Mumbai Mirror, Friday, September 21, 2007
“Walking The Talk”
End of Season is a whole lot of talk. Which is fine since it actually has something to say
Like any other experimental play today End Of Season is a whole lot of talk. Unlike most others, however, it actually has something to say. Playwright Divya Jagdale constructs her play around moments in the life of a family of four. It is essentially an intensive portrait of sisters Jankhana and Priyam and their mother, but their father, the only male character in the play, has not been treated merely as a catalyst either. Jagdale knows and delivers all four characters with such thoroughness it is hard to imagine you have known them for just about an hour by the end of the play. Her attention to detail collaborates with the compassion and honesty of the story to give it a rare integrity. The story does not pawn ‘twists’ or ‘revelations’; constantly underplaying them to allow the focus to remain on the inner journey of the protagonists. The play starts with two antonymous siblings- a conformist and a rebel, but goes on to deconstruct the essential clichés to expose the matrix of human dilemmas and condition that lies beneath us all, with a quiet dignity. What is endearing is, it does so without taking itself too seriously and unexpectedly suffusing its scope with a warm and intelligent sense of humour. The writing is not high art. Jankhana’s begging her father for money, her candid difficulty in making sense of motherhood or Priyam’s obsessive desire for the same which begins to border around absurdity, are all too familiar and relatable. Jagdale’s achievement lies in choosing the points where she makes incisions to look into her women.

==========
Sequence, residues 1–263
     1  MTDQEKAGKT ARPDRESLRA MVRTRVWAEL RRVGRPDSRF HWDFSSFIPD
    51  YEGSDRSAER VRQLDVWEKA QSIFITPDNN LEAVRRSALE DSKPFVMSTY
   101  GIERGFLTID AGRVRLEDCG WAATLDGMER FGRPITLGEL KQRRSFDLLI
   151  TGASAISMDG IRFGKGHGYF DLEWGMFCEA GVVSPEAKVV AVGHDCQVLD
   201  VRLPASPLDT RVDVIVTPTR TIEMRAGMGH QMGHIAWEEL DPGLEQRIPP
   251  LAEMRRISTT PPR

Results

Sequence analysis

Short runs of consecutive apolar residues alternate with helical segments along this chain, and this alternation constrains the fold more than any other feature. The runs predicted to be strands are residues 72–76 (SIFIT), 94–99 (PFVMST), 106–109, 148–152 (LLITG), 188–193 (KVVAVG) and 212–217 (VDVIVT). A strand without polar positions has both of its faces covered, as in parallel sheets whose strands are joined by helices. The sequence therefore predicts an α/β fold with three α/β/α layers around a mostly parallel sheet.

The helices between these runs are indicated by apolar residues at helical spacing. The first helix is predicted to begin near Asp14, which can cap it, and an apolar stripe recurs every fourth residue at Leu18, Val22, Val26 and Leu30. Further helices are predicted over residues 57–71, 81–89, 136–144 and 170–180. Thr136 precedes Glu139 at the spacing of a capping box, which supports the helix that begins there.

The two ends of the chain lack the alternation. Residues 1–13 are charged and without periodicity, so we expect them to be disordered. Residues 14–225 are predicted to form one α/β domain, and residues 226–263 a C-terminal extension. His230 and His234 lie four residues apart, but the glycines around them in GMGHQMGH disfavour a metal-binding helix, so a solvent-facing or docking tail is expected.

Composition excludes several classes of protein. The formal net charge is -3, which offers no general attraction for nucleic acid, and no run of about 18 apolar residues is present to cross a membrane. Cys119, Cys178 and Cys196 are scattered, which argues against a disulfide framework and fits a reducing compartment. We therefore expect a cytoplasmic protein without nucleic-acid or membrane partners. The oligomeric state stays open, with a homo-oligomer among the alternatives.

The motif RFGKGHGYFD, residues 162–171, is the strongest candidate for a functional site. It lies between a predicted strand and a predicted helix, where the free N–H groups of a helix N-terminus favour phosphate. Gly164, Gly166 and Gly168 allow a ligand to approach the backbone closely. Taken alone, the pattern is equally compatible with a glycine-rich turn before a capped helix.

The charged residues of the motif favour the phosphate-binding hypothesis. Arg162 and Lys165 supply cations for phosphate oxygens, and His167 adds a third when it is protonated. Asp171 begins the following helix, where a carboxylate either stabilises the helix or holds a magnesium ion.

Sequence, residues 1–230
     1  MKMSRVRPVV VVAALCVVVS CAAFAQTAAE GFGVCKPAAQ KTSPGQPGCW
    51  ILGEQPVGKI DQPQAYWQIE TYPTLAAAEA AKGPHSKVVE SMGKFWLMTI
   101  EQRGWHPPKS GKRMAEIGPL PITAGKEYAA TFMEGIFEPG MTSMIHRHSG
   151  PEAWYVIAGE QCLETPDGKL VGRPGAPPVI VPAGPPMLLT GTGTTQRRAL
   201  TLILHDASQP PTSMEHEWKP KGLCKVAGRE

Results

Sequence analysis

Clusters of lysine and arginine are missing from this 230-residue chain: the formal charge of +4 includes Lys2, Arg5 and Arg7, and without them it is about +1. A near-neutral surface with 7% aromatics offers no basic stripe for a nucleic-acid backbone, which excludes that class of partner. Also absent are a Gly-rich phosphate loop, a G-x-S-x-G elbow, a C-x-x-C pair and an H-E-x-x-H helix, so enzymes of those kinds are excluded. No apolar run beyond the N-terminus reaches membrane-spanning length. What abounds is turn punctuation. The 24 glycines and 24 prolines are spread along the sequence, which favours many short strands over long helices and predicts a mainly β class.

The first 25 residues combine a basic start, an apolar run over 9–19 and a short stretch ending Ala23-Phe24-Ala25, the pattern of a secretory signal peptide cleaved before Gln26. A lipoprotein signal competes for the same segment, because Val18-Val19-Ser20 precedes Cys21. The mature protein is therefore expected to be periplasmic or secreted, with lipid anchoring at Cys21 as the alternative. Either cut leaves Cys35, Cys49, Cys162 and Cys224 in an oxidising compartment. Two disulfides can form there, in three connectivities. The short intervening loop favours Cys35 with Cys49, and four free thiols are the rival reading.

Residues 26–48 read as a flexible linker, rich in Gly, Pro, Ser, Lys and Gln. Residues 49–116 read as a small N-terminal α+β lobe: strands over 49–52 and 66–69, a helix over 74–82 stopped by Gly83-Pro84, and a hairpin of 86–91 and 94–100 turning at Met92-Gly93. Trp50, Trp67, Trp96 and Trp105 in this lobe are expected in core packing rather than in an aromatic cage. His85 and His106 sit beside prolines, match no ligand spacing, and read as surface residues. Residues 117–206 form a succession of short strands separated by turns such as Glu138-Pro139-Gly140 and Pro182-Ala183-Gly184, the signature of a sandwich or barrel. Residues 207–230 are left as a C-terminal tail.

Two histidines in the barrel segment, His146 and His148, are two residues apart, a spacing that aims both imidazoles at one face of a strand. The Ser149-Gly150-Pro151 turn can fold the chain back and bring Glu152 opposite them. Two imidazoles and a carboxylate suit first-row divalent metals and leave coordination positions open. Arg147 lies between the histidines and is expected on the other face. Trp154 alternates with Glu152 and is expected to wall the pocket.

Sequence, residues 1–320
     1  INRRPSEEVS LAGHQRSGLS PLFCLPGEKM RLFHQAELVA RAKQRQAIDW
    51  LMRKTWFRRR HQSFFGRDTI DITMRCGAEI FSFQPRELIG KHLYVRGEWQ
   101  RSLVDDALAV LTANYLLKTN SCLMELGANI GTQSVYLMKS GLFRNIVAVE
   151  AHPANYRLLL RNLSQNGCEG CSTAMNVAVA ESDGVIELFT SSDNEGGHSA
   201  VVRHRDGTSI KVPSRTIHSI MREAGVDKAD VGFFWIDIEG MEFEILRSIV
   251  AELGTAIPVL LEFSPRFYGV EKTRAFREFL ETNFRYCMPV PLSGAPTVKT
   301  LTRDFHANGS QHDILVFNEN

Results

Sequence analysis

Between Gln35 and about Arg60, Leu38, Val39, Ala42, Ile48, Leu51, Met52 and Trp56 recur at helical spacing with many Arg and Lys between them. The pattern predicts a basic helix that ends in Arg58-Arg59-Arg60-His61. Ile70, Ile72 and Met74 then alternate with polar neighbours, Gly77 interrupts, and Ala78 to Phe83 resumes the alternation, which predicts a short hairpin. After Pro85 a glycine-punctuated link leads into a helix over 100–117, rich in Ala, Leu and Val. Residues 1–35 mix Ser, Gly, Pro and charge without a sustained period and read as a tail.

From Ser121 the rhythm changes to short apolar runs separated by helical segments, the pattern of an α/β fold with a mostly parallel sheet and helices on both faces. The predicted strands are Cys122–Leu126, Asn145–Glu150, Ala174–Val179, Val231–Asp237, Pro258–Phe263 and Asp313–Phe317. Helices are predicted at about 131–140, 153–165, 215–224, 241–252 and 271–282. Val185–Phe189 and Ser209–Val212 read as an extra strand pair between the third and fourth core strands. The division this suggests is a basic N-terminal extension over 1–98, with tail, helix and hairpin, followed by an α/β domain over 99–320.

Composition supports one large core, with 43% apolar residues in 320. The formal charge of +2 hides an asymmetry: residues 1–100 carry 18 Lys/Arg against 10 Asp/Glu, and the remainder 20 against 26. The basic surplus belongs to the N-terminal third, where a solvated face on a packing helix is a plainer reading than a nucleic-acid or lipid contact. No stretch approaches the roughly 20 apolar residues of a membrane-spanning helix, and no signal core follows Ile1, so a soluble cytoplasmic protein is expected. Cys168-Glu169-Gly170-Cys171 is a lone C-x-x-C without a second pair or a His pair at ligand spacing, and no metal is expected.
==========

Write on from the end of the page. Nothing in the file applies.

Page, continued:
Pushan Kripalani’s direction might appear retrograde with its kitchen-sink realism at first glance but it is deceptively simple. The audience is comforted and involved by the familiarity of the space as the family goes about their daily chores. At a time when experimentation is mostly a desperate bid to hide lack of substance behind abstraction and surrealism, the director brandishes his confidence in the play by restraining from imposing externalities on it. In his treatment of the script he makes a strong case against experimentation for its own sake. He breaks from convention by employing silence in the narrative. The use is refreshing and remarkable especially given that Indian theatre and cinema seem to be practically petrified of silences. Reema Lagoo, Sheikh Sami Usman, Shivani Tanksale and Trishla Patel do more than turn in fine performances on stage- they live the characters.
Mumbai theatrescape has been abuzz with disproportionate attention and discussion focused on original English writing lately. End Of Season may not be its finest example but it is certainly one bright ray of hope. In a heap of ideas that charade as plays, it is a complete play marked by simplicity, depth and ambiguity, which could have been its only logical conclusion.